Wednesday, June 29, 2011

Legacy Writing

In my earlier posts on the blog on folk music and the American Folklorist, Alan Lomax, I touched on the issue of preservation. Of leaving a trail for those who follow us, to say, this is me, this is who I was. Songs have filled that role for centuries, books too. One of the finest forms of preservation is photography, which has the added sense of always being in the now. A photograph is in permanent present tense. The image below is the first photograph ever taken, of a Paris street, that shows a human figure. Down in the left hand corner there is a man having his boots shined by a bootblack. The street beside them looks deserted but in fact it was full of horses and carts, horse-drawn taxis, people walking. Because of the very long exposure time required by the early cameras, anything moving couldn’t be captured. So the street traffic is rendered invisible and only the bootblack and his customer remain. 

Photographs not only capture subject and context but voice. They are in and of their time. 

I’ve become involved in a concept called Legacy Writing, where we become our own folklorists and photographers. Us, not just famous people, but all of us. Our stories are logged like the photograph, in the permanent ‘now.’ The field of Life Writing has been around for years, developing out of the class biography and autobiography, but it has always been from a point in our later life, looking back. So we’re reflecting, analyzing, sometimes justifying. Perhaps even seeking forgiveness. But what were our thoughts and motivations in the moment. The diary and journal has always been the format to capture that part of ourselves, and now social media tools (Facebook, Twitter, Blogging) and forms like digital storytelling and electronic scrapbooking allow us to log those moments and make them available to view.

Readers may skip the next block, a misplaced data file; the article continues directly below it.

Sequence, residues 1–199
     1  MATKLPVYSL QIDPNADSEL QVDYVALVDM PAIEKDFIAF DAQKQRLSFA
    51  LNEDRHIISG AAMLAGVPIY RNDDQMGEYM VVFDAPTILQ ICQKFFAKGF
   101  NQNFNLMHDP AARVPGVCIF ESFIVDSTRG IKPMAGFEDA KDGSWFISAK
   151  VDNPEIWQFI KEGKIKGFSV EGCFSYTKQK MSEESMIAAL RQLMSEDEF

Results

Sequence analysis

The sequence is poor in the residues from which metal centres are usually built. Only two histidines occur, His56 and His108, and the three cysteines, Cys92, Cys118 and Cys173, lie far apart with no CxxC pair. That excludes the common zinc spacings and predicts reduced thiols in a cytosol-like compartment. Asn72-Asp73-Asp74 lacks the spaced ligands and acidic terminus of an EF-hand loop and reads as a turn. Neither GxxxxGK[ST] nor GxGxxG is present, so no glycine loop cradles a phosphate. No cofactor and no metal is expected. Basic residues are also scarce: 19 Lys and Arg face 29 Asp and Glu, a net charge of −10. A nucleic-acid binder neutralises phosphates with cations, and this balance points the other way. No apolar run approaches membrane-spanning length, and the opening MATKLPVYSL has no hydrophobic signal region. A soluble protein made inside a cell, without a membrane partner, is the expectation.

With the electronic media now available we have an opportunity to record ourselves in the now – a permanent now – in the way we’ve always done using photographs. The flared jeans, family gathered around the fondue set lit by the glow of the lava lamp, catching the subtleties of the orange and brown vinyl wallpaper. Masterpieces of style like the Schwarzenegger shoulders on your 1990 power-suit, the clean lines of the 1980’s mullet that puts Billy Ray Cyrus to shame.

One of the most useful tools with the new electronic media is the ability to link, to show viewpoints, creative works, story forms beyond your own, and ideas beyond your own. Large scale media forms like e-books allow this too. This gives us a unique chance to branch out beyond just our thoughts in biographical form and use the full range of our creativity. 

  • Digital stories (images with overlaid music and text)
  • Video (self filmed)
  • Audio clips we make ourselves
  • Linked images to audio and video clips
  • Poetry and Prose with images included
In Legacy Writing, written text lies at the heart of it all. The word. The use of point of view, voice, description, narrative style and structure. Written text is the glue. You don’t have to just use your own voice, or a documentary style. You can create characterizations depending on context, as fiction writers do all the time. We’re talking about a repository for all of you, including your storytelling in all its forms. It is a creative record, not just a chronicle. I’ve always had my doubts about Bill Bryson’s story of being roomless and freezing and sleeping on a park bench with his underwear over his head. But it could’ve happened, and even if it’s embellished, it’s still a vivid example of his creative voice, which is as legitimate a part of him as his factual history.

Give it some thought. Those bits and pieces you put on Facebook, where will they go, where will their life take them. Or those bits you never record anywhere, how will they be preserved. Will they be preserved. There is so much about my immediate family history that is lost, just a few fragments and snatches of anecdote. Modern technology gives us the ability to avoid that, and be creative. There's no need to be rendered like moving figures in that Paris street - unseen.

Give it some thought…

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